Almost 50 years ago, a charismatic man led thousands of people on a march from Selma to Montgomery to fight for equal voting rights for African Americans. At the height of the civil rights movement, that momentous walk put a halt to the injustices meted out to African Americans and ushered in a new dawn in racial equality.
47 years after his death, Martin Luther King Jr’s teachings and what he stood for still resonates in 20th century America. The recent rise in killings of unarmed black youths by white policemen has sparked outrage and protests that have brought back memories of a time when black people were treated unjustly in a predominantly white society, and many have drawn parallels between MLK’s fight and the challenges facing young black youths in America today.
On the eve of Martin Luther King Day, actors who recreated the role of King in ‘Selma’, a film about how the inspirational leader successfully campaigned for equal rights for black people during the Selma to Montgomery march, joined thousands of protesters to mark the landmark event.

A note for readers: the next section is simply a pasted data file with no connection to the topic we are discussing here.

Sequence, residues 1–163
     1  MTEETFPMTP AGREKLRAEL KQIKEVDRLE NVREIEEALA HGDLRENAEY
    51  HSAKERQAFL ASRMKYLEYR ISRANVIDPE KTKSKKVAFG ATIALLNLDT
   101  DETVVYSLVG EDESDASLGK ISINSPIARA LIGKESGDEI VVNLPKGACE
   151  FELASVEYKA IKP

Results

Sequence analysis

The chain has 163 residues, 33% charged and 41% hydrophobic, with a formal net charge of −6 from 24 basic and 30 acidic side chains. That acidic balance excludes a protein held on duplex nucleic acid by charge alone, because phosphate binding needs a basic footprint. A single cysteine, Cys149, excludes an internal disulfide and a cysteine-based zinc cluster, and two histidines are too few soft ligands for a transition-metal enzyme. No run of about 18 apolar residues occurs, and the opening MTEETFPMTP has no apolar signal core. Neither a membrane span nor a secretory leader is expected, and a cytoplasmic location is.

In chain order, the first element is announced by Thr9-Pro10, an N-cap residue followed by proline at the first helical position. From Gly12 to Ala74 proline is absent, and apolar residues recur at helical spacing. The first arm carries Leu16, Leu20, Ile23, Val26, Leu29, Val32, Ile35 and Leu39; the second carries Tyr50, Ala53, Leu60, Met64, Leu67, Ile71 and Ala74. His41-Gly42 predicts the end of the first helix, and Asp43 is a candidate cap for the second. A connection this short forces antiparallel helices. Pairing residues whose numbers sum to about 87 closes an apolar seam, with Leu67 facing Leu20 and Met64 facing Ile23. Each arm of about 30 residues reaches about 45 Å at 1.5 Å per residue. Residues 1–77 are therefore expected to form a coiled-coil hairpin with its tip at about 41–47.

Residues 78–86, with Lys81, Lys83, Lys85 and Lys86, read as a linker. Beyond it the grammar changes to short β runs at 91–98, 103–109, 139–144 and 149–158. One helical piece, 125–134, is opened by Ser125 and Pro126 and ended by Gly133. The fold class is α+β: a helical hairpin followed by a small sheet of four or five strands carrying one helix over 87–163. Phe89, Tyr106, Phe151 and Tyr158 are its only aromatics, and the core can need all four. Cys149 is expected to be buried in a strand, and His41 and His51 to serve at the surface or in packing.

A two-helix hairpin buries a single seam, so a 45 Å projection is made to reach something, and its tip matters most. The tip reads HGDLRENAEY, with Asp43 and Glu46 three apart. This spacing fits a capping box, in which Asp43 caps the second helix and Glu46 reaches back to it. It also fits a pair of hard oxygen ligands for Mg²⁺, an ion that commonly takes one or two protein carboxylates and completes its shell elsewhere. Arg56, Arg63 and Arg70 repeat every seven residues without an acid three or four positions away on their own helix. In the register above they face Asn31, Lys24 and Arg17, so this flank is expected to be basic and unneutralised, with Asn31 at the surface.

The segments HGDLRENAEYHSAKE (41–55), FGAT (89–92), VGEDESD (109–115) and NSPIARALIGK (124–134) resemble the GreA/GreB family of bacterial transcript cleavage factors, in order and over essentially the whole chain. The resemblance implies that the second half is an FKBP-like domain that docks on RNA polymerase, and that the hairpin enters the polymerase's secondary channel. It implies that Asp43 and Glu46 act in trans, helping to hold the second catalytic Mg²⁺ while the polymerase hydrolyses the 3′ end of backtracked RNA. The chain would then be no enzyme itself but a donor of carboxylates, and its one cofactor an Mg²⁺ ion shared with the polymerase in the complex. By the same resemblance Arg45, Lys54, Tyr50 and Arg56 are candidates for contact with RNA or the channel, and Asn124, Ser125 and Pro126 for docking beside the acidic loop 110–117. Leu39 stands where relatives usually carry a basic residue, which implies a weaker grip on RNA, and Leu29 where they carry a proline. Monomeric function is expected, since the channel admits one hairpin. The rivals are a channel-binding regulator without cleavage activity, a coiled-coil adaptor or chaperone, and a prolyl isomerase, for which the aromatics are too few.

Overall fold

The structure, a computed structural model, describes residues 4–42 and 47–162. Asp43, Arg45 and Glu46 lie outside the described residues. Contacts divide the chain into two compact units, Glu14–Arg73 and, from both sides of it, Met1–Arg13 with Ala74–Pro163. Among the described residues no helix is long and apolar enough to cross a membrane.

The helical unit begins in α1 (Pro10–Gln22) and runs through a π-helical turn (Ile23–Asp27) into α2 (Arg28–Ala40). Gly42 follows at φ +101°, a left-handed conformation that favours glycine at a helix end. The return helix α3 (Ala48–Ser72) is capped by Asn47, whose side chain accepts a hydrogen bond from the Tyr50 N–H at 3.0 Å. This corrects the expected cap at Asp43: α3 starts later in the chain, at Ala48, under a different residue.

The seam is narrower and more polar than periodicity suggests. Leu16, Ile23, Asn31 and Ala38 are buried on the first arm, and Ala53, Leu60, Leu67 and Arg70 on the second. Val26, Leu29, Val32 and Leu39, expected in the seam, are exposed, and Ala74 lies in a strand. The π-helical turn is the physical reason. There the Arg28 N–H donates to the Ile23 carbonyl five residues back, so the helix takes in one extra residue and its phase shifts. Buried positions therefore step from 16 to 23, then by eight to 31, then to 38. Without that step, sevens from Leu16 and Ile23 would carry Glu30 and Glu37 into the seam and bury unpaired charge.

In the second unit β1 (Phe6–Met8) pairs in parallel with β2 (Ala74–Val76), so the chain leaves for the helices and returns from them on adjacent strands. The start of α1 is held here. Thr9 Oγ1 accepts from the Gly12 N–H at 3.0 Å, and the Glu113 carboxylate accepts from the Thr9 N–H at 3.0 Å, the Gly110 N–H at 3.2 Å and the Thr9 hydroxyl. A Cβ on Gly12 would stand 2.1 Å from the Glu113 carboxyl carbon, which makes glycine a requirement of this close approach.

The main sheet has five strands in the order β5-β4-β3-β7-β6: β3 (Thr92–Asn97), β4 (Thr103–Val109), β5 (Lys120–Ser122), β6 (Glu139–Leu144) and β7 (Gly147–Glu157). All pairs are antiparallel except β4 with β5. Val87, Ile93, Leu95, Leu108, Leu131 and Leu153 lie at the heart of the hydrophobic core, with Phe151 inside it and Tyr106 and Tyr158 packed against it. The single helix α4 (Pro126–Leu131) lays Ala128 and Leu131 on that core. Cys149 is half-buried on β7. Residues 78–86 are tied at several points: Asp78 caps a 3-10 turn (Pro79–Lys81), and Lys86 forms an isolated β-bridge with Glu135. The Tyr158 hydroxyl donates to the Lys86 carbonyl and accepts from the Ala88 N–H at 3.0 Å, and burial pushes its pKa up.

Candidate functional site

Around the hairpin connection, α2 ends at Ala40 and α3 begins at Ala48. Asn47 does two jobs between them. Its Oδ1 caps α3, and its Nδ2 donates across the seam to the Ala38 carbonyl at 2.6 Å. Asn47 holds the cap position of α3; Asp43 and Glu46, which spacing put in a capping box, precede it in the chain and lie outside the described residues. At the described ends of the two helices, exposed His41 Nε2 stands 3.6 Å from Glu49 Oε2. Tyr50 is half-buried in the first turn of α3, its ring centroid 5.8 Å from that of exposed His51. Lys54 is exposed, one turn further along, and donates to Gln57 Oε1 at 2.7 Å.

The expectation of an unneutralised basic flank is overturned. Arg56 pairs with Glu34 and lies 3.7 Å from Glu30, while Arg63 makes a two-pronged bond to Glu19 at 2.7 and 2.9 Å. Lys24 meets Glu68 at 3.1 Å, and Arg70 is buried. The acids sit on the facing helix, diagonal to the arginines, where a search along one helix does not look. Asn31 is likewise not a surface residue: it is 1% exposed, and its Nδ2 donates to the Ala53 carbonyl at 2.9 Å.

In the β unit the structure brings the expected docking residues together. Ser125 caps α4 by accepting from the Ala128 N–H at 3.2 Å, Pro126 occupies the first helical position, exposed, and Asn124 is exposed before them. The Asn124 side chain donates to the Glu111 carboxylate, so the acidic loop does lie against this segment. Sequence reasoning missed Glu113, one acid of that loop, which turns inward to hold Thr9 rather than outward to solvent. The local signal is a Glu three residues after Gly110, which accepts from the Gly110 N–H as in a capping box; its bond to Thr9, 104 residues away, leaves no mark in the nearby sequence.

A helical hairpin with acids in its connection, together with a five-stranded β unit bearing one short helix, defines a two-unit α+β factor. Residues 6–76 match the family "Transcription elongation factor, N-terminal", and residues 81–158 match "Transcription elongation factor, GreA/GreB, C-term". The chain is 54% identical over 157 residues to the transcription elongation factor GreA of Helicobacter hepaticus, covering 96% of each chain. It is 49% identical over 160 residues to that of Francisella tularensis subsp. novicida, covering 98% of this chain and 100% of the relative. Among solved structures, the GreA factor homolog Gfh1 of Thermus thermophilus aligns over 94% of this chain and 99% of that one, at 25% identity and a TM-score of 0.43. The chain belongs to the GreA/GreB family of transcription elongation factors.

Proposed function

In a significant show of solidarity, David Oyelowo who played King in the movie, Oprah Winfrey, the movie’s producer, Ava DuVernay, who directed the film and rapper Common marched with protesters in Alabama on Sunday to mark Martin Luther King day.
As they marched towards the Edmund Pettus bridge where protesters were tear gassed and beaten in 1965, Oprah told the crowd that ‘every single person in that march was a hero’. She also urged the crowd to remember “Martin Luther King as an idea, Selma as an idea and what can happen with strategy, with discipline and with love.”